Under the U.S. Constitution and Title VII of the U.S. Code, racial discrimination is illegal in Massachusetts. These laws prohibit employers from taking race into account in procedures for hiring, determining wage levels, or promotions and benefits.
What Must Be Proven in a Discrimination Claim?
The Equal Employment Opportunity Commission (EEOC) is the federal agency in charge of investigating workplace discrimination, and employees discriminated against must file a claim with the EEOC before taking the matter to court. To prove racial discrimination, an employer must treat an employee differently than co-workers who are of a different race or nationality.
In order to succeed on a claim for racial discrimination, the Berkley plaintiff must also prove that their employer intended to base the discrimination on race or nationality. The required intent may be proven by evidence that the employer rendered preferential treatment to workers who are of a different race or nationality than the plaintiff.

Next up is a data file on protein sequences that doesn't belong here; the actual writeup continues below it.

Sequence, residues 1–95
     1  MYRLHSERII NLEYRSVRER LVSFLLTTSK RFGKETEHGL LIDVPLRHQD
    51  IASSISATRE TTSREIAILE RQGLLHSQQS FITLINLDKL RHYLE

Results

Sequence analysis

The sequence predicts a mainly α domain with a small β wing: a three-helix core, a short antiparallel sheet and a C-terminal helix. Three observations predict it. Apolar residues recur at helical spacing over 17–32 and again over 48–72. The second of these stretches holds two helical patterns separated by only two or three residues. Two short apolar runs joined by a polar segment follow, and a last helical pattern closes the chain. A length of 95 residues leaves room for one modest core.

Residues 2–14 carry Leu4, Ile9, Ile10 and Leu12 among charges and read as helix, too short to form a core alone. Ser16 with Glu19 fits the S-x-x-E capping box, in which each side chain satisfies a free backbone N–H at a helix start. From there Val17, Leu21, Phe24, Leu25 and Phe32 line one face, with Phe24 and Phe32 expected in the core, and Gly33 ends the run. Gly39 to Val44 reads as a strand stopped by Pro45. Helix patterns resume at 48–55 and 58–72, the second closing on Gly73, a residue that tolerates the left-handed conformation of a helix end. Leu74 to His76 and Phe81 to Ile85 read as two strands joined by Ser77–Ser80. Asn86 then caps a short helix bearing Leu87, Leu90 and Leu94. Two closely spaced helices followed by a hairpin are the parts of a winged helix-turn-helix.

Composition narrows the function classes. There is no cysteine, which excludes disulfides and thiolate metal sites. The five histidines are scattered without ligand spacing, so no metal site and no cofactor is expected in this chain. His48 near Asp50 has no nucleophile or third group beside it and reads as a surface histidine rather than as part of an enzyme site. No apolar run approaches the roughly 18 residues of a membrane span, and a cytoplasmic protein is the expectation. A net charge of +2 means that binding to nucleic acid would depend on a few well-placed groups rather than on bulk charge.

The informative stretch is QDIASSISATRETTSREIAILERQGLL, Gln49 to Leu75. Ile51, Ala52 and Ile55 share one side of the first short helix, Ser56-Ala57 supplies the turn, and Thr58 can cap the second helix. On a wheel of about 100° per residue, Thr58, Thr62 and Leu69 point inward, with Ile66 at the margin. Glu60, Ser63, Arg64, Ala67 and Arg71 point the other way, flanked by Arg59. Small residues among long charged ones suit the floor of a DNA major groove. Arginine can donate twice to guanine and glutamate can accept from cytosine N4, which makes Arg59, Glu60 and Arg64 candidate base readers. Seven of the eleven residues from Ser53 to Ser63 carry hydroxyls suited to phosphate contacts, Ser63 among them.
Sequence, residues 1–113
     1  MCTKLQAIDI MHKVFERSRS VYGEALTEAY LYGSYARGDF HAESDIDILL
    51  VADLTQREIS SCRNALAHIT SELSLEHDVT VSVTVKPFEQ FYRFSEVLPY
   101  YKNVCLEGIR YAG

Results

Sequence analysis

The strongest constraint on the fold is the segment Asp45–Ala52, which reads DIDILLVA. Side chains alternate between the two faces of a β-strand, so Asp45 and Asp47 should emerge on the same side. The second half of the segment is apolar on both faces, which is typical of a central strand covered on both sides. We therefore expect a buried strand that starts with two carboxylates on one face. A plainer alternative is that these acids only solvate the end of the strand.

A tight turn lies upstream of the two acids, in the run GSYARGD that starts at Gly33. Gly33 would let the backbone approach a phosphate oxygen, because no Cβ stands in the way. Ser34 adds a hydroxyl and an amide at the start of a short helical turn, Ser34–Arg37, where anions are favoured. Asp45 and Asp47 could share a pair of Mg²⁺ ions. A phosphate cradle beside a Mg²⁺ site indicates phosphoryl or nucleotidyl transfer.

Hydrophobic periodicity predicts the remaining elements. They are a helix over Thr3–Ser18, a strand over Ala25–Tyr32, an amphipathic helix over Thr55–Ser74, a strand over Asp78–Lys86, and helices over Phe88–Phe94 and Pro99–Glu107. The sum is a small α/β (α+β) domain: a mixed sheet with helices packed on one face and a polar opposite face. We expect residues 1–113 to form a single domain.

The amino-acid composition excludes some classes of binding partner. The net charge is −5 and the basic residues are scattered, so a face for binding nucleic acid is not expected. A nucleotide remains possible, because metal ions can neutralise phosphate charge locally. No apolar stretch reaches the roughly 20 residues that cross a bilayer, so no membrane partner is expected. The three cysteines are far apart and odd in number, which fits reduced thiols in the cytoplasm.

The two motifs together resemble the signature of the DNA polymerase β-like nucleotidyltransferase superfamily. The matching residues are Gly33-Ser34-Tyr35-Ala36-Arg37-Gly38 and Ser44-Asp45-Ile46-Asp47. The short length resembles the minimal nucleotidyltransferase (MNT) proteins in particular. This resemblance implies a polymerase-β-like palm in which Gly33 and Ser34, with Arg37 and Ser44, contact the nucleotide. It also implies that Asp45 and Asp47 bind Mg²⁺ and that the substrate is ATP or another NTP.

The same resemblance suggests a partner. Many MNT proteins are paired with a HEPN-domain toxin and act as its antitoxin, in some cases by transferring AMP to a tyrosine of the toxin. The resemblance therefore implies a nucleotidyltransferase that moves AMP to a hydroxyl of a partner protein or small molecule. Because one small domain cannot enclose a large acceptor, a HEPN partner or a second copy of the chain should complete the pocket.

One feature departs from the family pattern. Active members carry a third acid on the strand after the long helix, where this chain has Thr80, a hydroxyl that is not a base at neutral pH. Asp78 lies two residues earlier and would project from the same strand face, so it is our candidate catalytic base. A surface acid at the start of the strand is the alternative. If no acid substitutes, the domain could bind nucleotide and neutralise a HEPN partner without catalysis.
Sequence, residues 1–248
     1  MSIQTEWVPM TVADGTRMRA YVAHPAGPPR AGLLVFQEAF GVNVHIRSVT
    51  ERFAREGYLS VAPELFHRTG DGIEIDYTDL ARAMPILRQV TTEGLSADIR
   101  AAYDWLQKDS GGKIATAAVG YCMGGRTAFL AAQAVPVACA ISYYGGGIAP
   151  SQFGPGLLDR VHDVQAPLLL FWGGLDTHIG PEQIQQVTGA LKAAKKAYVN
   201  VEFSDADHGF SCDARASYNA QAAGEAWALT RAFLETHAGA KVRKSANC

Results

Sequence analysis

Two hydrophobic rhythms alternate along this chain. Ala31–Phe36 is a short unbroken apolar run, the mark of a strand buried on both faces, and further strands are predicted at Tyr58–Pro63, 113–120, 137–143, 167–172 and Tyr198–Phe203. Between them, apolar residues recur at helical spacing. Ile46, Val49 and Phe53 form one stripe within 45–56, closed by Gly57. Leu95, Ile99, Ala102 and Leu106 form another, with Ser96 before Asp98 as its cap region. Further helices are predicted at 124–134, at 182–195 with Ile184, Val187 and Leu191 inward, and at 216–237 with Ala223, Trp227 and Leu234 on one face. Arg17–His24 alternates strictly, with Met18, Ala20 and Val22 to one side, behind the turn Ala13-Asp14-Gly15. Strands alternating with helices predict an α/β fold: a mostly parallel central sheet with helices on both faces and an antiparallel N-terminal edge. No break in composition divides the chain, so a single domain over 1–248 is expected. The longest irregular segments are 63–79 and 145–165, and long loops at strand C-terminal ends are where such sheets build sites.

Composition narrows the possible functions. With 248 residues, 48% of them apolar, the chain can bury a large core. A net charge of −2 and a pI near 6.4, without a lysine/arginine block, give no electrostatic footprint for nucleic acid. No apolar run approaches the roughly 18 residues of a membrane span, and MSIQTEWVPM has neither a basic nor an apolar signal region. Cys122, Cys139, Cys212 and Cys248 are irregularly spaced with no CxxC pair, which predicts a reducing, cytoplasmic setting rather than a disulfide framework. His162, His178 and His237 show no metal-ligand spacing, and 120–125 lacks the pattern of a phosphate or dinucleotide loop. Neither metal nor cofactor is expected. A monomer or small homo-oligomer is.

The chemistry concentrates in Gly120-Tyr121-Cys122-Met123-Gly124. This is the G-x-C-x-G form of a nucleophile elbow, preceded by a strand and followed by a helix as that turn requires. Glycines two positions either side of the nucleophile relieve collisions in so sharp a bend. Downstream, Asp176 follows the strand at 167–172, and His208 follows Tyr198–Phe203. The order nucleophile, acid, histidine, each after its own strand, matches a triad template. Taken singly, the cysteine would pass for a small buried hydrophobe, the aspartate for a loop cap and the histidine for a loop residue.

How Can a Berkley Lawyer Help with My Claim?
In some cases also, recorded statements made by the employer about racial issues can be used to establish intent. Laws governing the procedures in discrimination will vary widely depending on where the claim is filed, and Berkley attorneys will be able to help you with the requirements for your particular region. An experienced Massachusetts lawyer will also guide you in filing your claim with the EEOC, as well as helping you obtain other types of relief while your claim is being processed.